Items filtered by date: February 2012

It was a long time coming, but inevitable six months ago. James Murdoch has stepped down as chair of News International, signalling the Fall of the House of Murdoch as the dynastic succession to Rupert's News Corp empire is finished. The official statement - which is probably worth no more than a host of News Corp press statements which have either turned out to be highly misleading in the past (some outright lies indeed)

News Corporation today announced that, following his relocation to the company's headquarters in New York, James Murdoch, deputy chief operating officer, has relinquished his position as executive chairman of News International, its UK publishing unit. Tom Mockridge, chief executive officer of News International, will continue in his post and will report to News Corporation president and COO Chase Carey. "We are all grateful for James' leadership at News International and across Europe and Asia, where he has made lasting contributions to the group's strategy in paid digital content and its efforts to improve and enhance governance programs," said Rupert Murdoch, chairman and chief executive officer, News Corporation. "He has demonstrated leadership and continues to create great value at Star TV, Sky Deutschland, Sky Italia, and BSkyB. Now that he has moved to New York, James will continue to assume a variety of essential corporate leadership mandates, with particular focus on important pay-TV businesses and broader international operations." "I deeply appreciate the dedication of my many talented colleagues at News International who work tirelessly to inform the public and am confident about the tremendous momentum we have achieved under the leadership of my father and Tom Mockridge," said James Murdoch. "With the successful launch of the Sun on Sunday and new business practices in place across all titles, News International is now in a strong position to build on its successes in the future. As deputy chief operating Officer, I look forward to expanding my commitment to News Corporation's international television businesses and other key initiatives across the company."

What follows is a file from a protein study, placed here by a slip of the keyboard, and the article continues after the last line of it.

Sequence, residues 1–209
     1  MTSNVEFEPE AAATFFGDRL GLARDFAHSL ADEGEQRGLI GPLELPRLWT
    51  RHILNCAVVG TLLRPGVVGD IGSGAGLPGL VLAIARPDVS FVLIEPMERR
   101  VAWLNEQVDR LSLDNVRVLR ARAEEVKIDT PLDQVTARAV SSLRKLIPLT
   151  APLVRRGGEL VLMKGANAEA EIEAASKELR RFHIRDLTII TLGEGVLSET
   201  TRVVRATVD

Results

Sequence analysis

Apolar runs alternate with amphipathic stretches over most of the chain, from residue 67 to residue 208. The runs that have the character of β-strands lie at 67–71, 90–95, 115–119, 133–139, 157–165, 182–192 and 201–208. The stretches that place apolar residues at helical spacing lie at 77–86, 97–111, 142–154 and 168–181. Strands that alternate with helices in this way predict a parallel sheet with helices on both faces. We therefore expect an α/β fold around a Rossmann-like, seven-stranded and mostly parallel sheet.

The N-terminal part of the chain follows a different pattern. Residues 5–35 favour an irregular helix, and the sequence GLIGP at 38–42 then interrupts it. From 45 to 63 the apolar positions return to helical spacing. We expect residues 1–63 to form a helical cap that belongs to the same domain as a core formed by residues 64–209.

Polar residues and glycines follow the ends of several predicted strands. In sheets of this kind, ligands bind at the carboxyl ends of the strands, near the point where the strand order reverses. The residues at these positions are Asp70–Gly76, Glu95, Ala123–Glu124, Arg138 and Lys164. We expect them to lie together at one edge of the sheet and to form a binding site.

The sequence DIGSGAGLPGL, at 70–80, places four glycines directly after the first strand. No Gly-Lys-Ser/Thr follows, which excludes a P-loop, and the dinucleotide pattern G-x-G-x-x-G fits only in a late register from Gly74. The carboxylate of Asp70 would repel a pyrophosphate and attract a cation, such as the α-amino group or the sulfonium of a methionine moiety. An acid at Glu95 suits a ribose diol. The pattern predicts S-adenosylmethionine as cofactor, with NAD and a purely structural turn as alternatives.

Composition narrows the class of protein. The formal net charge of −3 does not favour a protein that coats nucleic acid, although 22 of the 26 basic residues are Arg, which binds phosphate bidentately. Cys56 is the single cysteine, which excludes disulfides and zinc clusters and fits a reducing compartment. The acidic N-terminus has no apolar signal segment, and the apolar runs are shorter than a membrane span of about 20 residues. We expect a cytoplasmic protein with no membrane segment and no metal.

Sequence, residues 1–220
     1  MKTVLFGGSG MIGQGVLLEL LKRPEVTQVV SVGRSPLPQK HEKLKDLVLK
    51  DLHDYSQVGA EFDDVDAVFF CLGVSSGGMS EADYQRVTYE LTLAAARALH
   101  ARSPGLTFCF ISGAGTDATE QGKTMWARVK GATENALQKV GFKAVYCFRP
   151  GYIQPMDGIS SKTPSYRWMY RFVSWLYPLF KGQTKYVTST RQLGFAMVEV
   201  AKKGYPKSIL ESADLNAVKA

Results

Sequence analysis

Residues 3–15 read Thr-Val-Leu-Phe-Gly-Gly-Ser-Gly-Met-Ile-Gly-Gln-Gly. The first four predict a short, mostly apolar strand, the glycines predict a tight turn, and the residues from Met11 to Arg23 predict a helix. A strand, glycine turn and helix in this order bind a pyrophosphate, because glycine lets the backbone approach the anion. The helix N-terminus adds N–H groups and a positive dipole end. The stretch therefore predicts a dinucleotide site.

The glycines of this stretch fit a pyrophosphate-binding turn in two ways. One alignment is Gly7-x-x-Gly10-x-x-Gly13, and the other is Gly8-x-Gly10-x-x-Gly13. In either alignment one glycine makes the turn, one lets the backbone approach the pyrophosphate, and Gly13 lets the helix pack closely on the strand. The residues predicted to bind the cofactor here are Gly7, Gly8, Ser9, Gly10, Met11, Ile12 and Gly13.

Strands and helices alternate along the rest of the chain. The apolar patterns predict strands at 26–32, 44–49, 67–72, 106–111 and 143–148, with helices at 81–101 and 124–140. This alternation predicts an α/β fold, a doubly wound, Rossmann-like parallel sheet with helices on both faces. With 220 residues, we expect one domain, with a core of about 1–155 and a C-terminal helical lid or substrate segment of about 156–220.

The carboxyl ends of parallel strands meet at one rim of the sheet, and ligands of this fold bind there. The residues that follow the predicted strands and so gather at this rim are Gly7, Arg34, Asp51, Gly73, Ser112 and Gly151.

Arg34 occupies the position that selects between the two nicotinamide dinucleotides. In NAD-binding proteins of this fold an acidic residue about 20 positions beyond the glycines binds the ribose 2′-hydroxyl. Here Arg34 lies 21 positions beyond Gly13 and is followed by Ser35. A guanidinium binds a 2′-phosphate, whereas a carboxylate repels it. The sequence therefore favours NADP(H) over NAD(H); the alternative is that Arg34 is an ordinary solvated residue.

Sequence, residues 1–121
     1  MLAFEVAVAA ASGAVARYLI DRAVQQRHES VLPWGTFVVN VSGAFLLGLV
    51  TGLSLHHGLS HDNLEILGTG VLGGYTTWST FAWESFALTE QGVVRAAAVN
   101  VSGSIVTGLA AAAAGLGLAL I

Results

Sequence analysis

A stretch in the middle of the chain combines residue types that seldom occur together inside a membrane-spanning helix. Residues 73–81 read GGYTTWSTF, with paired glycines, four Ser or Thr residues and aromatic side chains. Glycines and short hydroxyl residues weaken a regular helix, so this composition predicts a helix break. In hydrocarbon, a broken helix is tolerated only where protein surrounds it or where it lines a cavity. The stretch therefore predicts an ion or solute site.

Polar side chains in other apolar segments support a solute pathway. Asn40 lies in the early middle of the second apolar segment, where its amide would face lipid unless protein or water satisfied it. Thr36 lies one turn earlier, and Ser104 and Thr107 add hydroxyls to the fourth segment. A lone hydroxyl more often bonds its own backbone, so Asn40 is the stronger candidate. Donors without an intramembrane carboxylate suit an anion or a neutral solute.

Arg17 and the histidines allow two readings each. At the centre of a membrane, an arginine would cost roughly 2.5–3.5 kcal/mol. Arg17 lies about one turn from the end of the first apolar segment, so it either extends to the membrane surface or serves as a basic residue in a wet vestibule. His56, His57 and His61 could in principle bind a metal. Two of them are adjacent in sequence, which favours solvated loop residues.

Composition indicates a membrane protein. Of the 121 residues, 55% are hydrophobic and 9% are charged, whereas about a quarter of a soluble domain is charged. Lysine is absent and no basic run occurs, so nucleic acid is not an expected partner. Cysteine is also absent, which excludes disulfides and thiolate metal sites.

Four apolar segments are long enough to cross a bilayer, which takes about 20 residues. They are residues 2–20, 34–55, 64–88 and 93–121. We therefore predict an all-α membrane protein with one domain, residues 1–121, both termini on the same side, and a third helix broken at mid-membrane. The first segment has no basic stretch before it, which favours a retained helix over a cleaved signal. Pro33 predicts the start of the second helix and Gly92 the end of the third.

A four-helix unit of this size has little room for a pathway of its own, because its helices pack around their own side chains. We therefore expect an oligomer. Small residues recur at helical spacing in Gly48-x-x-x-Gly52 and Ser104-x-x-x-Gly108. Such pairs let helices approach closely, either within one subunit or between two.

More as I get it. OK, this is all on the hoof. Yes James resigned from other subsidiary boards several months ago as I detailed in another diary. But this is the biggie: NI was bidding for BSkyB which he also chairs - expect a resignation there too. More news in - still involved in BSkyB - but again this is slow withdrawal. Expect more retreats soon http://www.guardian.co.uk/media/2012/feb/29/james-murdoch-resigns-news-international-chairman

Wednesday's move sees him give up responsibility for News Corp's crisis-hit British newspaper operation as he completes his relocation to New York. The man once seen as his father Rupert Murdoch's automatic heir at the top of News Corp retains existing responsibility for "global television", overseeing busineses including the company's 39% stake in BSkyB, Sky-branded pay-TV companies in Europe and Star in Asia – and only gains the opportunity to become involved with the company's US Fox television operation as he settles in across the Atlantic. James Murdoch's managerial move away from News International explains why he was not in London to help oversee the launch of the Sun's Sunday edition, which has been personally supervised by his father. Friends say he has been eager to leave the UK and drop responsibility for the Wapping newspapers for several months as the phone hacking scandal enveloped the London outpost of the organisation.

And there are rumours of a major arrest in the pipeline.. just sayin' IMPORTANT ASIDE: I've been in touch with Alastair Morgan, whose brother Daniel was brutally murdered in South London in 1988, by suspects with close connection to the NoW hacking team. These same individuals were sponsored by NoW to harass and survey the police detectives re-examining the case in 2002. Ceebs had a diary yesterday about it, Murdoch and Murder. Tom Watson is going to make an important statement at 4pm BST (11 am EST) about Daniel Morgan's murder. I expect, under Parliamentary privilege, he might make some explosive revelations.